Henny Tegström was a photographer who, along with her sisters, was active in Luleå for nearly forty years from the 1890s onwards.
Henny Tegström was born in Luleå in 1872. She was one of six children born to Fredrika Christina and Johan Wilhelm Tegström. At midnight, on 10 June 1887, flames raged through the roof of the Tegström family wash-house in the middle of central Luleå. A brisk wind fanned the flames and a major town fire developed. Over half of the town was turned to ash and ship-owner Tegström and his family were among the hundreds of people left homeless. The disaster did not last long, however, neither for the town nor for the Tegströms. By the following year the first ore-train rumbled through Luleå. The small town rapidly doubled in population size and altered its shipping enterprises to accommodate the demands for iron and encroaching industrialisation.
Three years on from the fire Henny Tegström, then 18 years old and newly returned from studying in Stockholm, opened a photographic studio along with two of her sisters: Alma, who was 27, and Agda, who was 22. Henny Tegström mainly functioned as the photographer, while Alma largely worked on retouching the prints. Agda was the lady of the house who handled all the necessary services.
Their enterprise, Henny Tegström & Co, quickly became the leading photographic studio in Luleå. By 1894 Henny Tegström had already been awarded a silver medal at an industrial and handicrafts exhibition, Luleå stads Industri- och slöjdutställning. Over time additional photographic assistants were hired, including Hulda Pettersson and Tyra Arvidsson. One of the many apprentices was Lea Wikström who later became a well-known photographer in Malmberget.
Henny Tegström & Co’s first studio was located on Torggatan 3, in the top floor of a building with high side-windows which allowed the daylight in. The enterprise remained in these rented premises until the end of 1918 when the business success meant that new premises could be purchased at Storgatan 16. A new studio with angled glass walls was constructed on the top floor. The building also had an electric supply although access to daylight remained important to the business. From 1914 to 1924 the business also had a branch operational in Gammelstad, presumably for photographs related to Sunday church visits. A private summer house, Skogsbo, was erected in 1910 where the Tegström sisters stayed during their free time.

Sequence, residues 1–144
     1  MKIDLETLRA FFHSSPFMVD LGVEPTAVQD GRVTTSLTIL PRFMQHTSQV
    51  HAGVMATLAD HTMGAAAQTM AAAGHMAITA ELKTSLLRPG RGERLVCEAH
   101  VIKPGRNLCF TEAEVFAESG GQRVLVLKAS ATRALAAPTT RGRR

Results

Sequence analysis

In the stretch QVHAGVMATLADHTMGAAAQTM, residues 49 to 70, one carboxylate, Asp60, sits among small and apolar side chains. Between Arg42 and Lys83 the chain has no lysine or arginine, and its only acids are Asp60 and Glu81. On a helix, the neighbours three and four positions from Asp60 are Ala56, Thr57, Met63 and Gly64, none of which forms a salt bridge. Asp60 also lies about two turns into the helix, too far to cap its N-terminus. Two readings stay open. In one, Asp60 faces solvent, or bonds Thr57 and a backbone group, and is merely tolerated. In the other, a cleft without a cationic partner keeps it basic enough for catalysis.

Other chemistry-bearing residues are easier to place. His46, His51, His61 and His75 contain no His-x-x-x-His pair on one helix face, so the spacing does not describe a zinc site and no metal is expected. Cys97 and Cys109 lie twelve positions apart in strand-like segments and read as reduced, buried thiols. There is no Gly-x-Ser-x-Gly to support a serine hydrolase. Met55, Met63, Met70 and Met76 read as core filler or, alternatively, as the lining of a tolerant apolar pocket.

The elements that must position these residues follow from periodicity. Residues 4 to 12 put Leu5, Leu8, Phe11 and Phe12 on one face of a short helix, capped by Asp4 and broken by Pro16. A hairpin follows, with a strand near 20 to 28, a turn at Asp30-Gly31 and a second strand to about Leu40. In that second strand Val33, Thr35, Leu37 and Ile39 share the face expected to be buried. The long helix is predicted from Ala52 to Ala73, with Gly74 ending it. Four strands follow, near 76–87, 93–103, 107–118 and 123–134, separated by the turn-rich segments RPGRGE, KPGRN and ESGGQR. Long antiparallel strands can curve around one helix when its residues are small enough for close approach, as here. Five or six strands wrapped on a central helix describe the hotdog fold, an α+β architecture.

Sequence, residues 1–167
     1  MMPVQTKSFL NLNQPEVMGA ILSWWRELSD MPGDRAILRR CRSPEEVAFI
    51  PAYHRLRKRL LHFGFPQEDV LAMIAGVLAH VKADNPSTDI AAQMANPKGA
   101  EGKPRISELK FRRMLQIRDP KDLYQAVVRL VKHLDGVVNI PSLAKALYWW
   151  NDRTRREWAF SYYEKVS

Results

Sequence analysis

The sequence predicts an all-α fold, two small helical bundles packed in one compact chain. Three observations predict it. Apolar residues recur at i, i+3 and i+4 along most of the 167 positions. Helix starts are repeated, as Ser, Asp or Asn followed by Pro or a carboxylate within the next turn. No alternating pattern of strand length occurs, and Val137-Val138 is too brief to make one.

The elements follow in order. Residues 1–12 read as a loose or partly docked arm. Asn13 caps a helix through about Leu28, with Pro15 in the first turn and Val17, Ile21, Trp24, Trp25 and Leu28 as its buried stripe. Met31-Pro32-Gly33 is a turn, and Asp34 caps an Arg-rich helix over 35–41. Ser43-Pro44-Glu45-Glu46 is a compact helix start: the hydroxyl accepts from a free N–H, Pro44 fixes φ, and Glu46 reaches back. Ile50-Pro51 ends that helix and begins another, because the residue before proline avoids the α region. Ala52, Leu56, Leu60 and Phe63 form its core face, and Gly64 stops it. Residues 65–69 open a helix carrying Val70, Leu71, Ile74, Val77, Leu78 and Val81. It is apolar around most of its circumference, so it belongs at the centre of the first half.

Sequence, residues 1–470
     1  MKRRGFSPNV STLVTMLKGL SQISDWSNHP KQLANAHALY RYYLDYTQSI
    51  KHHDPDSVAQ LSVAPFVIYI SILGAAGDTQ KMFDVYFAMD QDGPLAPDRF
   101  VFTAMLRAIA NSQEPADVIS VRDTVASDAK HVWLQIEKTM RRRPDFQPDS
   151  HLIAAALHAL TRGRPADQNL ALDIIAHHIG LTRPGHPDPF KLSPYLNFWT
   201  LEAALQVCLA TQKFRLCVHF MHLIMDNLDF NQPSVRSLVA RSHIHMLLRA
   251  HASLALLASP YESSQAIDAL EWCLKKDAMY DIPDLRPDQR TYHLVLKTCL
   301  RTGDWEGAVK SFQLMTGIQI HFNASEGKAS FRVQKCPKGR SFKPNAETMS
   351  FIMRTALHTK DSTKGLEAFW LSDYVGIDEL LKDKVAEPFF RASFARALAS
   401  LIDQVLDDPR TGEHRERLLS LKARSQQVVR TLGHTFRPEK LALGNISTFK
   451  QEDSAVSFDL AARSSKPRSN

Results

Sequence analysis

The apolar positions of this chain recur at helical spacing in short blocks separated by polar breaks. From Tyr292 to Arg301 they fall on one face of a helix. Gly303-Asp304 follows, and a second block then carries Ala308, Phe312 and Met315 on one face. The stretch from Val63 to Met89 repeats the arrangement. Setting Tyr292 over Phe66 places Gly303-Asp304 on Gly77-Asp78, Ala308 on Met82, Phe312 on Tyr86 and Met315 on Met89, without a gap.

When it came time for Luleå town to celebrate its tercentenary in 1921, Henny Tegström & Co had exclusive rights to document the major exhibition held to mark the jubilee — a clear indication of the leading position the business enjoyed. Henny Tegström & Co also put photographs on display, both their own and older images which had been especially collected for the event. The collection, which won major plaudits, included shots of Luleå old town exteriors both before and after the 1887 fire, portraits of notable men and trade, shipping, and industry representatives, as well as exteriors of modern Luleå.
Henny Tegström & Co was not the first, but certainly the most eminent photographic studio in Luleå. The Tegström sisters’ photographs documented the town and its inhabitants during the expansive period which saw Luleå change from a small town into an industrial centre.
The 1921 jubilee exhibition marked the high point in the career of this photographic business. In 1928 it was decided that the company would cease trading. The studio was taken over by Gustaf Holmström and as a result the bulky glass plates were moved into an outdoor shed. This turned out to be very fortunate as another fire broke out in 1935. The conflagration and the resulting demolition of the building might have ruined the sisters’ legacy, but by some fluke the outdoor shed remained standing and the pictures eventually fell into Helmer Widlund’s care and he ensured their preservation.
Henny Tegström & Co’s photographs can be found in Luleå town archives. Around 500 glass plates have been conserved, showing themes including the town environment, industry, trade and architecture, citizenship, royal visits, and special celebrations such as Barnens dag (Children’s day). Tegström’s camera not only captured various views of the town from the cathedral tower but also scenes from the wartime years and dramatic events like the fire at Altappen in 1908, taken from the other side of the coastal inlet. The company’s images were published in the likes of the magazine Idun. Further, hundreds of calling-card sized portraits have also survived.
Following the closing of the family business the sisters took on various non-profit activities. Once again Henny Tegström was the most outwardly visible of the siblings. During the 1920s and 1930s she was a member of the Norrbotten county local history association, an organisation which gradually diverged into Norrbottens museum and Norrbottens hembygdsförbund. She sat on the board of the Luleå Moderate Party constituency association and she was active in the Moderate Party women’s association, which was established in the town in 1933. She was elected onto Luleå church council in 1934 and was also a temporary member of the child welfare agency. She served as a board member of Vallen, the Luleå town children’s camp, during the 1930s.
None of the Tegström sisters married. They worked and lived together and during their later years they decided to move closer to the surviving members of their family. Their brother Carl-Erik Tegström and his family lived in Alingsås and in August 1936 the women moved south to that town. Henny Tegström died there in 1943, Alma died four years later, and Agda died in 1953. All three of the women lie in the family grave at the cemetery in Innerstaden, Luleå.